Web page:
Disconnect unveils private search Android app and web interface

Disconnect Search, a tool that lets people use popular search engines without having their queries logged or tracked, just got easier to use. On Monday, the outfit took the wraps off a new version that’s accessible through a webpage, an Android app that should come out of beta today, and browser plugins for Chrome(s goog), Firefox, Internet Explorer(s msft) and Safari(s aapl).

When the tool was first unveiled in October last year, it was only available as a browser plugin for Chrome and Firefox, much like the original Disconnect product, which helps people block the companies that track them online. Since then, Disconnect has gained a degree of prominence by having its search product bundled as one of the privacy-enhancing tools on the Blackphone. Blackphone runs a version of Android, so it’s no surprise that Disconnect Search is available as an Android app.

The service is simple but useful – queries get routed through Disconnect’s servers, so to Google or Bing or Yahoo they look like they’re coming from Disconnect, not from the individual at the end of the line. What’s more, encryption of the queries should stop hackers and the user’s ISP from seeing what’s being searched for, and the company also doesn’t log any identifying information itself.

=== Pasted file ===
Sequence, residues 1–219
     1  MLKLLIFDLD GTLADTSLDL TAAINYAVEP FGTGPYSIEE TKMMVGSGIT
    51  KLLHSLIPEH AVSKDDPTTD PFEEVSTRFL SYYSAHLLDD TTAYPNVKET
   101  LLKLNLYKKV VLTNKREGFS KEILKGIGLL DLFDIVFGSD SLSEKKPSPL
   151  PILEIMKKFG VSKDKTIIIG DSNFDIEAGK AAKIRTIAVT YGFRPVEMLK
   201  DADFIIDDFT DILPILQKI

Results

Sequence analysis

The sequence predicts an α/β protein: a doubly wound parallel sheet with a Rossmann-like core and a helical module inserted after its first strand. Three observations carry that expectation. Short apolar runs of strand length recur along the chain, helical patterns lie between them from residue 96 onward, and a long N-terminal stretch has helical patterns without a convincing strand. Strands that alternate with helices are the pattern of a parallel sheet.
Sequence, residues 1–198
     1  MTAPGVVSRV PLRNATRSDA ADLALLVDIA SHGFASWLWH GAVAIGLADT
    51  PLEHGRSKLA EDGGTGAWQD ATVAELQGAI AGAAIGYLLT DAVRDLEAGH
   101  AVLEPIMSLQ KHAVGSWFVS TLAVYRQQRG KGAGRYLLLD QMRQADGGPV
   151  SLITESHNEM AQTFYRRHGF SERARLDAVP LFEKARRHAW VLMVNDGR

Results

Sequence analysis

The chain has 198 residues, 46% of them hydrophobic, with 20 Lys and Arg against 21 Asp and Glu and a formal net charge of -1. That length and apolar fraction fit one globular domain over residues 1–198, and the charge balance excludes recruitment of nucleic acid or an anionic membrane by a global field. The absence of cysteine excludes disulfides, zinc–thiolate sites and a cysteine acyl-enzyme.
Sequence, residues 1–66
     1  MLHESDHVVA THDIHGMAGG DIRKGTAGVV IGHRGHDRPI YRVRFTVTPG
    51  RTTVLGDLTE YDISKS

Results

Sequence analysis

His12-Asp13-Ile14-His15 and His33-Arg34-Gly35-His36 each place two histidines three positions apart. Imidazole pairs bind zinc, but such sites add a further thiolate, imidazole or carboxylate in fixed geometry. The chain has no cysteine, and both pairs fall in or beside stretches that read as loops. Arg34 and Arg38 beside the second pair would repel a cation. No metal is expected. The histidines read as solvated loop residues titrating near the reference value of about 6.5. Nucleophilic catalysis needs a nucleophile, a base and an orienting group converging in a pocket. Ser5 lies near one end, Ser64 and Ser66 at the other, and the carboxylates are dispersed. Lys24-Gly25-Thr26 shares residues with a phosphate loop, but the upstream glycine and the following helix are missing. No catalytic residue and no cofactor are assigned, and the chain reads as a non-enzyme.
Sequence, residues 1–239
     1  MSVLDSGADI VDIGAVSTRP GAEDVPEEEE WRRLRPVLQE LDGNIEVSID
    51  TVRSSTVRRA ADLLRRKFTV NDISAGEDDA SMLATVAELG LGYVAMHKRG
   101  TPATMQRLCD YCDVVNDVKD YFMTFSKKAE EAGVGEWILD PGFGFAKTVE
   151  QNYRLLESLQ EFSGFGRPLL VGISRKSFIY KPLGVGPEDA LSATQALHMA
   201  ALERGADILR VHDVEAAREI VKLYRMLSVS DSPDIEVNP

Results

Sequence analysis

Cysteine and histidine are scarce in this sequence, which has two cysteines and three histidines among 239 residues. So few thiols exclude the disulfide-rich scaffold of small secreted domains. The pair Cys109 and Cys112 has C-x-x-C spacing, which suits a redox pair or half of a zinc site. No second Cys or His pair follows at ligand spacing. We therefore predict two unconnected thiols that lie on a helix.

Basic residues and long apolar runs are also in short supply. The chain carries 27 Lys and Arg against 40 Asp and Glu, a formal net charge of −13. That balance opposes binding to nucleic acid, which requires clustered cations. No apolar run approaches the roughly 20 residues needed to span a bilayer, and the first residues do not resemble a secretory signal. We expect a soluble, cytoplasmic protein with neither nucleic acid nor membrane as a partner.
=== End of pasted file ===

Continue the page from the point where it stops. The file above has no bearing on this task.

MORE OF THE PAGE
According to Disconnect CEO Casey Oppenheim, the new version is more than twice as fast as the first, thanks to smart filtering of Javascript on results pages, and the switch from a transparent proxy to a web proxy for the routing. The service now also supports the latest version of the industry-standard Transport Layer Security (TLS) protocol and Perfect Forward Secrecy (PFS), a safeguarding technique that Google itself actually uses in its own encrypted search and Gmail products.

The nice thing about Disconnect Search is that it lets you use the search engines you’re familiar with, minus the tracking that many of them employ beneath the surface. Yes, there are privacy-friendly search engines such as DuckDuckGo (which is actually an option when searching through Disconnect), but many people may prefer to get a Google or Bing results page with the features those include.

Of course, the more personalized features won’t work as usual if you’re mediating the search through Disconnect, but right now privacy and personalization are mutually exclusive in this space.

“What search engine you use is sometimes a very tough habit to break and a lot of people who are privacy fans are still addicted to Google or Bing,” Oppenheim told me. “This is a way you can continue to use the search engine of your choice and get privacy when you want it.”

In its first 5 months, Disconnect Search picked up around 50,000 active users — a far cry from the 1.5 million active users of Disconnect’s original private browsing product. Now that it’s more accessible, I think it’s safe to say we can expect a big jump in Disconnect Search’s user base.